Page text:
despite Herbst's objection, he had the authority under the
Agreement to make the decision to file a petition. On January 6,
2004, a trial was held on Herbst's motion. On December 14, 2004,
after an unsuccessful mediation effort, the Bankruptcy Court
issued an order denying the motion and directing that a trustee be appointed. In
re Adorn Glass & Venetian Blind Corp., Case No. 03-14423 (CB),
slip op. (Bankr. S.D.N.Y. December 14, 2004) (the "Order").
Herbst now appeals that order.
Appeals from cases originating in the bankruptcy courts are
governed by § 28 U.S.C. § 158, which vests district courts with
appellate jurisdiction over bankruptcy court rulings.
28 U.S.C. § 158;*fn1 Bank Brussels Lambert v. Coan, 176 F.3d 610, 618
(2d Cir. 1999). Although "final orders of a bankruptcy court may
be appealed to the district court as of right,
28 U.S.C. § 158(a)(1), appeals from non-final bankruptcy court orders may be
taken only `with leave' of the district court." In re Orange
Boat Sales, 239 B.R. 471, 473 (S.D.N.Y. 1999); see also
Fed.R.Bankr.P. 8001(b);*fn2 28 U.S.C. § 158(a)(3). Here, both
parties agree that the Order was not "final," which means that
Herbst was required to obtain leave before bringing this appeal.
28 U.S.C. § 158(a)(3); Americare Health Group, Inc. v. Melillo,
223 B.R. 70 (E.D.N.Y. 1998) (order denying debtor's motion to
dismiss nondischargeability complaint was not a final order); In
re MacInnis, 235 B.R. 255, 262 (S.D.N.Y. 1998).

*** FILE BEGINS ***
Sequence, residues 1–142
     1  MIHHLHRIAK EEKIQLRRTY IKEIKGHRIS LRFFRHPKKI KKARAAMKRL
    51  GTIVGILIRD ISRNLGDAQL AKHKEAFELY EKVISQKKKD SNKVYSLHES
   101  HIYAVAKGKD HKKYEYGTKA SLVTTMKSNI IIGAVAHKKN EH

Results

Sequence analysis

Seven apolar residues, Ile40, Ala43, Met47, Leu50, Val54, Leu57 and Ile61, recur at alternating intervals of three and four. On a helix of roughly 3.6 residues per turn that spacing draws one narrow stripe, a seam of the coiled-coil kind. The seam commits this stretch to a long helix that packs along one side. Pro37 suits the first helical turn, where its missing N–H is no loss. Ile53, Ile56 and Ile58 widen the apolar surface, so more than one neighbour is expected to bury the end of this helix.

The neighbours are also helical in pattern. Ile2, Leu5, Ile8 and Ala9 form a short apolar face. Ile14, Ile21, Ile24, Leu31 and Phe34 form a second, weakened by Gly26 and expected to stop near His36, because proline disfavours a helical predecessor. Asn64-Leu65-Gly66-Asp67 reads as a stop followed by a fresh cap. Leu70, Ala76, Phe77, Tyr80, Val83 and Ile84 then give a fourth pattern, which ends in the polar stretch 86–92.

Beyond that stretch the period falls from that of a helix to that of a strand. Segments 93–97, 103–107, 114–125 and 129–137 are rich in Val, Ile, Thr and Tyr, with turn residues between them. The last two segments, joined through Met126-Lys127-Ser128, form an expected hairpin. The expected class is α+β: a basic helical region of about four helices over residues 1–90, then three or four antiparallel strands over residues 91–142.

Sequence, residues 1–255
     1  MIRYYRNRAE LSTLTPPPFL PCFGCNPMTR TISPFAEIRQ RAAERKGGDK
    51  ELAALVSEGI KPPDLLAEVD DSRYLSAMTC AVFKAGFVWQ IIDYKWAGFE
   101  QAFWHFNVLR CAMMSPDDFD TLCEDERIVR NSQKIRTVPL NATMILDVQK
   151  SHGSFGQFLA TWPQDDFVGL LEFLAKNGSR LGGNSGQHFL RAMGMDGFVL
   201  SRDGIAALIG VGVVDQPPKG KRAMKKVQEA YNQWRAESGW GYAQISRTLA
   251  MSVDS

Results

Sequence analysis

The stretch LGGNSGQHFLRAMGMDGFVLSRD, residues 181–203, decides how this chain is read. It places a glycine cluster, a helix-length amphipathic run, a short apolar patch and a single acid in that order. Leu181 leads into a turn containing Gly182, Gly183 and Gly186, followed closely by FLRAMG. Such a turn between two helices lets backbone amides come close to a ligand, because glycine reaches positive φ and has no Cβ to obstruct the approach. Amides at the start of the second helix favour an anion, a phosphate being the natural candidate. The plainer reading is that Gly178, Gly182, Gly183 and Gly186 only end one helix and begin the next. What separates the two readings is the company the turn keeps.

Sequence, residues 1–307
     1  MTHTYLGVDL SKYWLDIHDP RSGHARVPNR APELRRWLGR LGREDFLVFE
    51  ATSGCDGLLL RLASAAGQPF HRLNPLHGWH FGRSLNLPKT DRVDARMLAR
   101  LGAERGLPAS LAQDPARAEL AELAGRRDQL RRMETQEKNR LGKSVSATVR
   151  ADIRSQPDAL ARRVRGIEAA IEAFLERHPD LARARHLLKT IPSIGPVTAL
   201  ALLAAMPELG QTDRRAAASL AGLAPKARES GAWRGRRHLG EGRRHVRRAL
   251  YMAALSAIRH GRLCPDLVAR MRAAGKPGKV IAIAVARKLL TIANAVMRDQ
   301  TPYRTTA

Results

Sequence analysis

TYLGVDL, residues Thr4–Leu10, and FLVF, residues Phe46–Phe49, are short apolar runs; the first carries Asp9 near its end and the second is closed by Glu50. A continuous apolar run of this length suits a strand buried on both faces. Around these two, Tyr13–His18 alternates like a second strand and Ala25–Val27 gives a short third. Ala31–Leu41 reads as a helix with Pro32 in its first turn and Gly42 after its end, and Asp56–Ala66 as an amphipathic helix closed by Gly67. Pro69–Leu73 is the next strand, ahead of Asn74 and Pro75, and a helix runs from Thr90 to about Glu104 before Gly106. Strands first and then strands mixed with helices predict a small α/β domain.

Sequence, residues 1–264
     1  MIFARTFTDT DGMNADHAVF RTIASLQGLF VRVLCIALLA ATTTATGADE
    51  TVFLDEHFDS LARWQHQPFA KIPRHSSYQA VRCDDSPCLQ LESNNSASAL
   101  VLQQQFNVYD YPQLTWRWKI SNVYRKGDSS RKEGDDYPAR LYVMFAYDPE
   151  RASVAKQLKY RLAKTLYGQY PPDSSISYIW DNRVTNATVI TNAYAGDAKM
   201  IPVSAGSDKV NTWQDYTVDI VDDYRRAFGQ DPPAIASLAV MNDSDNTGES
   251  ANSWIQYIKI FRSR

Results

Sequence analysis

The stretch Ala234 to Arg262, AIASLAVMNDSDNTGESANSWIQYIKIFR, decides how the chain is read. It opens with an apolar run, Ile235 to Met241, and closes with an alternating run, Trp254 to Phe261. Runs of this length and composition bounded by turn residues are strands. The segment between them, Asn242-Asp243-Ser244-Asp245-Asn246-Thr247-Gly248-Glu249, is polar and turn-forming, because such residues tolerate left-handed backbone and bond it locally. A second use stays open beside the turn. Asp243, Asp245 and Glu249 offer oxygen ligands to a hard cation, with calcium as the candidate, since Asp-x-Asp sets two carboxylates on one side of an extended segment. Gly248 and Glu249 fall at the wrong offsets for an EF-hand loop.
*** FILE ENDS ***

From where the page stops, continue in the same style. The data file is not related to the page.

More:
Having failed to do so, Herbst now asks the Court to treat his
notice of appeal as a motion for leave to appeal pursuant to Rule
8003(c) of the Federal Rules of Bankruptcy Procedure. Rule
8003(c) states, in pertinent part: (c) Appeal improperly taken regarded as a motion for
leave to appeal
If a required motion for leave to appeal is not
filed, but a notice of appeal is timely filed, the
district court . . . may grant leave to appeal or
direct that a motion for leave to appeal be filed.
The district court or the bankruptcy appellate panel
may also deny leave to appeal but in so doing shall
consider the notice of appeal as a motion for leave
Fed.R.Bankr.P. 8003(c). Because the Court concludes that leave
should be denied, See infra, it will treat Herbst's appeal as
an application for leave to appeal. See In re Holly Flor,
79 F.3d 281, 283 (2d Cir. 1996) (a district court has jurisdiction
to hear bankruptcy appeals not only from orders that are final,
but also from orders that are non-final if taken "with leave of"